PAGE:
We often talked about going back to Muswell Hill and walking down Onslow Gardens again, just as we did so many years ago. Something to do when we retired, we agreed.
Sadly, the way things turned out for you, we never got to do it.
So, as yesterday was Mothering Sunday, Charlotte and I thought it would be good to make the journey back to Onslow Gardens in your memory.
We drove slowly down the road. When we reached '74' we pulled in and parked on the opposite of the road. We sat for a few minutes then I got out, grabbed my camera and walked across to take some photographs.
The front door is a different colour but that apart, the house looks much the same from the outside as it did the last time we were there, just after your mother died.
Still the same and yet so very different. So much has changed since then. I realised that I was looking at the past, yours and mine.
Just as we were about to go, a car drove past and parked a few yards down the road. The driver got out of the car, walked up the pavement in our direction and turned in the gate of number 74.
I went across and asked him if he lived there. When he said 'yes' I explained why we were taking such an interest in 'his' house. I told him that you had been born and brought up in the house and that we were there in your memory, as you had passed away only a few weeks ago.
He expressed his sympathies, then surprised me by asking what your maiden name was.
'Linehan,' I said, 'Eileen Linehan.'
'That's interesting' he said. 'When we moved into the house, the neighbours kept referring to the tree in our back garden as 'Mrs Linehan's' apple tree. It's nice to make the connection. It's still there. Would you like to see it?'
He intoduced himself as Henry and invited us to come into the house and go through to the back garden. Inside we met his wife, Honey.
He took us into that long, familiar hallway and led us past the front and back rooms. Then it was down that short flight of steps, a quick turn right at the bottom and then left into the passageway to the kitchen.
Charlotte was carrying the photo album I had put together for your 50th birthday, with all those photographs of you and all the family from way back, many of them taken in the front and back gardens of 74.
They were intrigued to hear about the history of what is now their home and see images of the house from the past and to learn about one of the families who had lived there many years before them. I also told them how we had met.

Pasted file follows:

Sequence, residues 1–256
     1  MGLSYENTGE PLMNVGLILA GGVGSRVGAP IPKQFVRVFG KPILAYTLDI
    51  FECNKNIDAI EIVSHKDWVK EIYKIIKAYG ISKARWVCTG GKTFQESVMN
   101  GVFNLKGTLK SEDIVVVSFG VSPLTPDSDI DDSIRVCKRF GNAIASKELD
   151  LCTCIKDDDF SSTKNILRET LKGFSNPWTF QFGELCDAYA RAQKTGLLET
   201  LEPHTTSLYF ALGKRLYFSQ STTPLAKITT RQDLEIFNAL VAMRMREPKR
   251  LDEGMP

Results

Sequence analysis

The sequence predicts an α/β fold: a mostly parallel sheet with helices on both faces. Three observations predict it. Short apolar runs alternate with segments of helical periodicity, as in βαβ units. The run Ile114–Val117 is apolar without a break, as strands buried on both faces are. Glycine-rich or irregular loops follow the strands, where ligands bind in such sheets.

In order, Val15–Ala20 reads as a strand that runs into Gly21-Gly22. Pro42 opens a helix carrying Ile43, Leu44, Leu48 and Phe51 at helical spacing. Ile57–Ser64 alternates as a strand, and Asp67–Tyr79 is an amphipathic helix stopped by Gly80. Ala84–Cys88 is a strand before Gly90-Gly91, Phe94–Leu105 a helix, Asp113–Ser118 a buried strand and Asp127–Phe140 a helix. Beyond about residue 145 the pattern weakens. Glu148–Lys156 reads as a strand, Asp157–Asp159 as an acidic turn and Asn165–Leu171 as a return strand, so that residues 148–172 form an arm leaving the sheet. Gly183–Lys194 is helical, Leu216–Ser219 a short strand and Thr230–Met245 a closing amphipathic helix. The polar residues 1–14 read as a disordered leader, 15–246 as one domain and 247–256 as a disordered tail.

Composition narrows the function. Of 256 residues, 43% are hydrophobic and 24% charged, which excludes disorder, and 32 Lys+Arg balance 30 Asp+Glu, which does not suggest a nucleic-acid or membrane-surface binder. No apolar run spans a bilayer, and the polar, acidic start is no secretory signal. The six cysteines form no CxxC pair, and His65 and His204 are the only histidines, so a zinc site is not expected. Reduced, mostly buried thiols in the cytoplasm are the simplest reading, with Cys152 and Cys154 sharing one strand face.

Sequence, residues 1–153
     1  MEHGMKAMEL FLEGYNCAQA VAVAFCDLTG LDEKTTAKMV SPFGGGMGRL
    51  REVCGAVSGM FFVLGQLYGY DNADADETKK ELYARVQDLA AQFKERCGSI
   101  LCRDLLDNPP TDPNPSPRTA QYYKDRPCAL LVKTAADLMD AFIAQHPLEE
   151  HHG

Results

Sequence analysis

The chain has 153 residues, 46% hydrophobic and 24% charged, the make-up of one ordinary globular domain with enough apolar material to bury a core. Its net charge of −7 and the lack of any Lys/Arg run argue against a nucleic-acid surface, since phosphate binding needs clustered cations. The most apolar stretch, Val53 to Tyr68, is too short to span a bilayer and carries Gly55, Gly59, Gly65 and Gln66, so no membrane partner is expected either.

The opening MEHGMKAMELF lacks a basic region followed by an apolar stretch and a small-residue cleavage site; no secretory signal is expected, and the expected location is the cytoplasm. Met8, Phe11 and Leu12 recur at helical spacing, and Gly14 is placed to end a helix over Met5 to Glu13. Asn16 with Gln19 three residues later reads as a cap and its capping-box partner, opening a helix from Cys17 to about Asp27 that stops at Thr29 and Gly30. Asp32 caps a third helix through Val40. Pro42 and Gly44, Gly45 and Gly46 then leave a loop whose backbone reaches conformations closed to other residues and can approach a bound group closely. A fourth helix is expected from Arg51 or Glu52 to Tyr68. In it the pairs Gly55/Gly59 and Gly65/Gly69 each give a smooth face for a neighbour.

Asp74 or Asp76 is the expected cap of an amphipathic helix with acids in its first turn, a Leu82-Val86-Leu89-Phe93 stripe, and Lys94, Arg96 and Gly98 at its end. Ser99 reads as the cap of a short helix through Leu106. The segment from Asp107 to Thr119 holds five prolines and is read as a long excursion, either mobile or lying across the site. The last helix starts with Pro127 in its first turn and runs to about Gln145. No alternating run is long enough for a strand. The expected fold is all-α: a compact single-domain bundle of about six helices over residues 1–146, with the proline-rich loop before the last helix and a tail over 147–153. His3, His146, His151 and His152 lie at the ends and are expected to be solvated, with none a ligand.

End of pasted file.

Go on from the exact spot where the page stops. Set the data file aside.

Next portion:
When we went into the garden sure enough the apple tree is still there.
The garden now runs right to the bottom and is not split into two as it used to be when you lived there. Beyond, there is still that lovely view of Alexandra Palace in the distance.
Looking up at the house from the garden...
you can see the extension that has been added at the back with french windows and steps leading down to the garden.
Inside the kitchen has been modernised and now extends down to the these windows. The old pantry and bathroom as you would remember them, have been turned into a utility room with a side door leading to the garden. The old kitchen door no longer exists and the lean-to shed has long gone.
As we headed back inside I glanced up at number 72 next door ...
and there was what was my bed-sit room and the window through which I caught my first sight of that lovely 'girl in the garden' all those years ago. The old sash-window has been replaced. At least that should stop it rattling and leaking draughts the way it used to do.
This is how the front room...
and the back room...
now look today. Little has changed apart from the decor.
Charlotte and I thanked Henry and Honey for being so welcoming and generous, in allowing us to look through their house at such short notice.
I told Henry and Honey that my memories of '74' were of a lovely family home full of fun and laughter. I said I hoped it would be like that for them.
As we left I was delighed to see that the front door is still exactly as it was with those lovely stained glass panes. With the spring sunshine steaming through, it lit up the hall and my memories.
As Charlotte and I headed across the road to the car I turned and took one last look back at the front porch of 74 Onslow Gardens.
My mind when back to the time before we got married, when you and I would spend many long minutes in that same porch, saying our 'goodnights' to each other before I headed home, either to next door or later round to Woodland Rise.
Our 'goodnights' interrupted at regular intervals, as I recall, by your father, whose ploy to break us up was to put the milk bottles out - one at a time.
What I wouldn't give for one of your kisses now.
Miss them so much, just as I miss you every minute that passes.
Will love you always